Let The University of Liberia Administration Put Words Into Action

By: Emmanuel S. King, Jr.

Monrovia, Liberia

Distributed by

The Perspective
Atlanta, Georgia

Posted March 8, 2005

Recently at a well-attended meeting of the University of Liberia Faculty Association, some instructors and professors raised concerns about the manner some students go to school or attend classes.

They said these students go on campus with only a handbag and a novel not even carrying copybooks to take notes. During their spare time they engage in lots of discussions not pertaining to academic activities or lectures.

What is troubling, the instructors and professors said, is that from observation, these students would fail miserably. They perform very poorly.

The situation at the University of Liberia has been so since the civil war started in 1990. From this period, to present, the standard of the University of Liberia has dropped. Don’t get me wrong. I am not saying that there aren’t qualified instructors at the UL. There are. For me, 98% of the instructors and professors I sat under have performed well. They must be commended. However, what is disheartening is that those students who perform very poorly sometimes have easy ride. Again don’t get me wrong! I am not saying that these instructors are responsible. What I am saying is that much is needed in terms of restructuring the UL to cope the present day reality.

There are a lot of reasons why people these days attend the University some of which are: Some people attend the UL because they see others or their best friends attending and so want to rub shoulder with them.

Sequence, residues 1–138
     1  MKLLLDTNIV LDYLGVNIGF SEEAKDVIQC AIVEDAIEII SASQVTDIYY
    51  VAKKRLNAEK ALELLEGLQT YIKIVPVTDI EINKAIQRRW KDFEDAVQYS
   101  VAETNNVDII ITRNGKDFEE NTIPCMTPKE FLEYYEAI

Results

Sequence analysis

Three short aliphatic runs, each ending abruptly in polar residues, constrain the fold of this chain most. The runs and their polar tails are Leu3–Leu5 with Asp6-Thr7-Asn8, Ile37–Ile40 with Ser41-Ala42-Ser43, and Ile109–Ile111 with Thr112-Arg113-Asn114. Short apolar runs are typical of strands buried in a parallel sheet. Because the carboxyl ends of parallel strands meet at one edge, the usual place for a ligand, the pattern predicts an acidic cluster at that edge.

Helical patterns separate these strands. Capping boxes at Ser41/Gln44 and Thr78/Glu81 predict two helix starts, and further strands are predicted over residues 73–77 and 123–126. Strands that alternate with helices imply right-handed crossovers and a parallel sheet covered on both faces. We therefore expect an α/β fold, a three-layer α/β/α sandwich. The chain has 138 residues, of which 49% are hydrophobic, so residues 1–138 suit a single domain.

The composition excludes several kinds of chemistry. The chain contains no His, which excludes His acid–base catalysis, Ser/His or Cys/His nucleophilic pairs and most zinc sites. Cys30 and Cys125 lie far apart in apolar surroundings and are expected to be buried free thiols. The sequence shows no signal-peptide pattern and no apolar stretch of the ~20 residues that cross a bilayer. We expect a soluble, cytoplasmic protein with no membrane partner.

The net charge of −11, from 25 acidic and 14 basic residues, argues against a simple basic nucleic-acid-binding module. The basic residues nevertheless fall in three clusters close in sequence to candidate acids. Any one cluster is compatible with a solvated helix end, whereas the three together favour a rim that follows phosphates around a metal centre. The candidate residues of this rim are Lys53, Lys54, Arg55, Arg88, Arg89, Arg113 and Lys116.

Others simply attend the UL because they want to be part of the number while others go there to show off.

Yet still, some attend because they only want to acquire a paper or Bachelor degree because for some of them they are already working in areas that only need the paper while a large number attend the UL hoping to earnestly earn a degree, sweating and burning candles to acquire that degree.

With all these listed, it can be clearly seen that there are all kinds of people at the UL. It is in this light that I call on the UL authorities to begin the task of overhauling the University of Liberia by raising the salaries of lecturers, instructors and professors at the UL so as to begin academic discipline. Another thing that is needed is for the authorities to review the records of all students at the UL and those who have gone below the 2.0 GPA be warned or be dropped from the UL upon failure to improve.

There is also a need to employ more qualified instructors and professors at the UL so as to have the UL on par with other universities in Africa and around the world. The University of Liberia once used to be a place where students from other African countries attended making it one of the best in the world. Such a status needs to come back to the UL.

Last semester, while doing a course, I discovered that a lot of students who had reached the senior level could not make a pass even after the same test was repeated. The issue is what was being taught was nothing that warranted such bad grades. Of course you would argue that the instructors should sometimes be blamed in this case. I feel the instructors should not take the blame because we had gone over the techniques of writing (expository writing) weeks after weeks. Imagine treating only one topic for the whole semester and the results coming up poor!

In concluding, I call on the Administration of Dr. Al-Hassan Conteh to go beyond mere words and begin to put into place measures that will bring academic discipline to the UL.

Let the UL be seen as a place where men and women go to acquire sound education for the rebuilding of Liberia and not a place where argument with no substance and low GPA by most students be the order of the day. Remember Dr. Conteh you promised to do those things your predecessors have been trying to do, ie to reform the UL. The ball is in your court, score the first goal.

© 2004: This article is copyrighted by the Forum newspaper (Monrovia, Liberia) and distributed by The Perspective (Atlanta, Georgia). All rights reserved.